Pesticides carried from farm fields by the winds make hundreds of Californians ill each year — and advocates for stricter controls say many more cases go unreported. The state passed a law in 2004 to address the problem, but the law hasn't stopped people from getting sick.
The Environmental Protection Agency is considering a petition from farm worker and public health advocates to ban pesticide spraying near schools, hospitals and child care centers. Part of the evidence they cite comes from California, the nation's largest agricultural producer, and a state where pesticides carried from the fields by winds sicken hundreds of people each year.
Nancy Lara, 10, and her brother Brian, 8, were drenched by pesticides last spring as they stood at their bus stop, a patch of dirt on the edge of a vineyard in central California.
The Lara children noticed white clouds billowing out behind a tractor just across the road. Nancy says they tried to hide inside a cluster of vines at the bus stop.
"We thought the tractor wouldn't get us, but it did," Nancy says.
The approaching bus driver saw the pesticide clouds and pulled over to prevent the 50 other students from breathing in the fumes. She eventually picked up Brian and Nancy.
"And then I told the bus driver that I wasn't feeling good, like I was feeling sick. My head heart, I wanted to throw up and everything," Nancy says.
School officials called an ambulance, and the kids were sent to the hospital where they were treated for pesticide exposure. They eventually recovered, but nine months later, the Fresno County Agricultural Commission hasn't issued the fines to the vineyard owner and is still investigating the case.
That incident is one of seven "pesticide drift" cases involving school buses in the farm-rich San Joaquin Valley over the last year.
"Any incident involving pesticide drift is problematic," says Mary Ann Warmerdam, a former lobbyist for the California Farm Bureau who now heads the state's Department of Pesticide Regulation.
"It's illegal, and we have to do better. Having said that, we do have the human condition to contend with, and mistakes do happen," Warmerdam says.
She says California has the toughest pesticide rules in the nation, and there are very few accidents.
"If you take into account the thousands of applications that occur in California every year, we still have a remarkably compliant agricultural sector," Warmerdam says.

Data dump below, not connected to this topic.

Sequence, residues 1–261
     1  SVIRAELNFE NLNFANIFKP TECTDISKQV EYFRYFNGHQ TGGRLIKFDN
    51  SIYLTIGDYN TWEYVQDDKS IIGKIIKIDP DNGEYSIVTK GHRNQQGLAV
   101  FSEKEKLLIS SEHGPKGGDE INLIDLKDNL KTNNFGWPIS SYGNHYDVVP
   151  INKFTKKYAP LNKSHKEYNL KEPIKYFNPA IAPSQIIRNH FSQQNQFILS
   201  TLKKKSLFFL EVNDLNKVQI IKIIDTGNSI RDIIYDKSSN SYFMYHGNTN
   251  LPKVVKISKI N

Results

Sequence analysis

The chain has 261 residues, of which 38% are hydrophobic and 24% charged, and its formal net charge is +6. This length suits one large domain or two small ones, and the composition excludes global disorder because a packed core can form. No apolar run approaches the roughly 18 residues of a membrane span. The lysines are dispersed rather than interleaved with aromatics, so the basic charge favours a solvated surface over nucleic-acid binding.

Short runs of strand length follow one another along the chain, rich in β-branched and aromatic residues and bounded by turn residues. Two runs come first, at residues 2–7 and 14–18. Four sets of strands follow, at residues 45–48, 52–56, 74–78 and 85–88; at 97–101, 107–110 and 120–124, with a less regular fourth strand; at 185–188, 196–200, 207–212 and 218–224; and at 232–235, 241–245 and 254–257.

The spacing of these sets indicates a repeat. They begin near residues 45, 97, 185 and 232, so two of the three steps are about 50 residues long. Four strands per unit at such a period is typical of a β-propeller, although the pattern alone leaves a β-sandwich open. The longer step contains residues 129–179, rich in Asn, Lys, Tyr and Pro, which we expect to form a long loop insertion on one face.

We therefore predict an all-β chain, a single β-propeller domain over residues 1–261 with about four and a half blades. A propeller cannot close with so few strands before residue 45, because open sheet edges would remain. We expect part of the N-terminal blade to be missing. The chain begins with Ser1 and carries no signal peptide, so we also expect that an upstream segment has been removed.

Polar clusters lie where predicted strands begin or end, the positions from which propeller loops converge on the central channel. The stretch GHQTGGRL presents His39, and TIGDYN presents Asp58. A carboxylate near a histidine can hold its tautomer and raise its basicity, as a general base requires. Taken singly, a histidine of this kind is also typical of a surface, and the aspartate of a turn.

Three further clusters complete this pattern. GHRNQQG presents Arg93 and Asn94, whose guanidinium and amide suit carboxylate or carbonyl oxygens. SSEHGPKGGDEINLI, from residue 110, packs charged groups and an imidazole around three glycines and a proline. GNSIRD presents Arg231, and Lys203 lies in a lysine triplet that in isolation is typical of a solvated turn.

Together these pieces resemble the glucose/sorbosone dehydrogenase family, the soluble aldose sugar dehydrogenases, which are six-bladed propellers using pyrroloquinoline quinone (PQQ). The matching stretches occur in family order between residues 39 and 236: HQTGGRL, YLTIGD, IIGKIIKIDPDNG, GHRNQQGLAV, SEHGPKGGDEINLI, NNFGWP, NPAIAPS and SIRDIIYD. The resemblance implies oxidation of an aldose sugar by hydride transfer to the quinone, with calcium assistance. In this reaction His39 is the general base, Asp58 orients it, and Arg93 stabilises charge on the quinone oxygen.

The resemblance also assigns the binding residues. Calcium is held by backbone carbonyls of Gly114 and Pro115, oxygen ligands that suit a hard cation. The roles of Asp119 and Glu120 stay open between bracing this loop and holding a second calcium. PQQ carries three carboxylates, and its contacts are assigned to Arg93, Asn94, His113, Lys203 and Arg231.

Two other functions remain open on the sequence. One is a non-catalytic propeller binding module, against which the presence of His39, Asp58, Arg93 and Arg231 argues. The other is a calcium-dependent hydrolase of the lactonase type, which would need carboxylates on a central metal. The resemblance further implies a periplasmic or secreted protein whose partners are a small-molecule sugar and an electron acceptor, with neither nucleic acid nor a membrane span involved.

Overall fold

Over the last few years, an average of 37 pesticide drift incidents a year have made people sick in California.
But Teresa de Anda of Californians for Pesticide Reform says most incidents aren't even reported.
"Everywhere I go to all the little rural communities, everybody has a story to tell about being drifted on by pesticides — that they were outside barbecuing or they were having a birthday party," de Anda says. "It just happens so commonplace, people don't report it."
Ten years ago, de Anda was one of about 180 residents exposed to a soil fumigant that drifted into homes in the town of Earlimart. The fire department took those who were vomiting or ill to the middle school football field, asked them to strip down and blasted them with fire hoses.
"When I think back to that night, it was just horrible," de Anda says.
These kinds of high-profile incidents pushed California lawmakers to pass new pesticide drift legislation in 2004. Among other things, the law says growers must pay medical bills for pesticide drift victims who don't have health insurance or workers comp. So far, due to lengthy appeals and an unclear enforcement process, no grower has paid under that law.
And since it took effect, the number of pesticide drift incidents statewide doesn't seem to have changed much. Efforts to introduce new legislation to address the issue haven't been successful.
Growers admit mistakes happen, but say they're making every effort to prevent pesticide drift. Some California farmers have launched a new initiative called "Spray Safe."
About 300 farmers gathered recently to learn about a voluntary checklist of things growers can do to prevent pesticide drift, like putting flags up to let neighbors know when spray rigs are in the fields. San Joaquin County Farm Bureau President Phil Brumley told the crowd if a drift affects a neighbor’s crop, you can come up with some kind of compensation.
"But in the case where it's people, we need to think about human health and safety first, and that's what this is about," Brumley said.
Growers aren’t interested in more regulation though. They say improving communication with neighboring communities is the best solution.
Meanwhile, environmental advocates are hoping the EPA will restrict spraying of certain pesticides near areas where children congregate. The agency is also considering new labeling guidelines for chemicals to warn against the dangers of pesticide drift. It's accepting public comment on both proposals this month.
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